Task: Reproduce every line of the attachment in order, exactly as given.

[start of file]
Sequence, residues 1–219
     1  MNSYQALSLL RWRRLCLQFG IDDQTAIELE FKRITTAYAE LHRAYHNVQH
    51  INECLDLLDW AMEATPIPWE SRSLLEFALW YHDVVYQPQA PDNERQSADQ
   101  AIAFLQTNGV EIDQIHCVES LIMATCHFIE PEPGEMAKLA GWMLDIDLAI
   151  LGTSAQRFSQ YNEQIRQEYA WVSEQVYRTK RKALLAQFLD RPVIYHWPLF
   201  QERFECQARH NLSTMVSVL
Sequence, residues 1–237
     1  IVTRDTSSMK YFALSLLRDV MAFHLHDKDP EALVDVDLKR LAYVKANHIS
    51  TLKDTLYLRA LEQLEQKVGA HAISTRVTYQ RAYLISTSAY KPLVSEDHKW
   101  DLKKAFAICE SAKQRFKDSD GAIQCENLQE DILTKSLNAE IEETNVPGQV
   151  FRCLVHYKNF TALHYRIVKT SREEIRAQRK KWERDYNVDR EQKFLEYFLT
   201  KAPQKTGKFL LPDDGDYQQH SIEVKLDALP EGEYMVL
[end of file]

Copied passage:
Sequence, residues 1–219
     1  MNSYQALSLL RWRRLCLQFG IDDQTAIELE FKRITTAYAE LHRAYHNVQH
    51  INECLDLLDW AMEATPIPWE SRSLLEFALW YHDVVYQPQA PDNERQSADQ
   101  AIAFLQTNGV EIDQIHCVES LIMATCHFIE PEPGEMAKLA GWMLDIDLAI
   151  LGTSAQRFSQ YNEQIRQEYA WVSEQVYRTK RKALLAQFLD RPVIYHWPLF
   201  QERFECQARH NLSTMVSVL
Sequence, residues 1–237
     1  IVTRDTSSMK YFALSLLRDV MAFHLHDKDP EALVDVDLKR LAYVKANHIS
    51  TLKDTLYLRA LEQLEQKVGA HAISTRVTYQ RAYLISTSAY KPLVSEDHKW
   101  DLKKAFAICE SAKQRFKDSD GAIQCENLQE DILTKSLNAE IEETNVPGQV
   151  FRCLVHYKNF TALHYRIVKT SREEIRAQRK KWERDYNVDR EQKFLEYFLT
   201  KAPQKTGKFL LPDDGDYQQH SIEVKLDALP EGEYMVL